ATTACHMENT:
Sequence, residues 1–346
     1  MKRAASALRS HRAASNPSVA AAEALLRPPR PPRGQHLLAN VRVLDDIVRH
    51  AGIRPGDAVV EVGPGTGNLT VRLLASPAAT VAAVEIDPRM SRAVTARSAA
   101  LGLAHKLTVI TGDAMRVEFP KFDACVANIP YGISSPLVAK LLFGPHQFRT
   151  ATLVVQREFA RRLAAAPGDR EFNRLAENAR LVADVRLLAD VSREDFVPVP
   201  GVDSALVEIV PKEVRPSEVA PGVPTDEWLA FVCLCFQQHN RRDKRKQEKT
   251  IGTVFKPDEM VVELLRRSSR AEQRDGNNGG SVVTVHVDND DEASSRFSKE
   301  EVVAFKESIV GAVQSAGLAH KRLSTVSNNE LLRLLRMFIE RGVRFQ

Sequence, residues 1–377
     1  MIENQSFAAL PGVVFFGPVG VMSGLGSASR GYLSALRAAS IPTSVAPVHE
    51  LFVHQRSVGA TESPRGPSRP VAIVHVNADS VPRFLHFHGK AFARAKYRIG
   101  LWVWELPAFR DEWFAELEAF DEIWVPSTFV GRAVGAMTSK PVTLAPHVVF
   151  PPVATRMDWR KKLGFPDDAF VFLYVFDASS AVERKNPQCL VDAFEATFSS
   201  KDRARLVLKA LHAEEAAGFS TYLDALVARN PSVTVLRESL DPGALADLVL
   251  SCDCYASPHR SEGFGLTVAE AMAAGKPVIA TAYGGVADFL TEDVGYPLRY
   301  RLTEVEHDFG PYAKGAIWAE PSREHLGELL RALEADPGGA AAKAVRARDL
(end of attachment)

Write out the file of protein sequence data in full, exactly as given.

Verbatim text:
Sequence, residues 1–346
     1  MKRAASALRS HRAASNPSVA AAEALLRPPR PPRGQHLLAN VRVLDDIVRH
    51  AGIRPGDAVV EVGPGTGNLT VRLLASPAAT VAAVEIDPRM SRAVTARSAA
   101  LGLAHKLTVI TGDAMRVEFP KFDACVANIP YGISSPLVAK LLFGPHQFRT
   151  ATLVVQREFA RRLAAAPGDR EFNRLAENAR LVADVRLLAD VSREDFVPVP
   201  GVDSALVEIV PKEVRPSEVA PGVPTDEWLA FVCLCFQQHN RRDKRKQEKT
   251  IGTVFKPDEM VVELLRRSSR AEQRDGNNGG SVVTVHVDND DEASSRFSKE
   301  EVVAFKESIV GAVQSAGLAH KRLSTVSNNE LLRLLRMFIE RGVRFQ

Sequence, residues 1–377
     1  MIENQSFAAL PGVVFFGPVG VMSGLGSASR GYLSALRAAS IPTSVAPVHE
    51  LFVHQRSVGA TESPRGPSRP VAIVHVNADS VPRFLHFHGK AFARAKYRIG
   101  LWVWELPAFR DEWFAELEAF DEIWVPSTFV GRAVGAMTSK PVTLAPHVVF
   151  PPVATRMDWR KKLGFPDDAF VFLYVFDASS AVERKNPQCL VDAFEATFSS
   201  KDRARLVLKA LHAEEAAGFS TYLDALVARN PSVTVLRESL DPGALADLVL
   251  SCDCYASPHR SEGFGLTVAE AMAAGKPVIA TAYGGVADFL TEDVGYPLRY
   301  RLTEVEHDFG PYAKGAIWAE PSREHLGELL RALEADPGGA AAKAVRARDL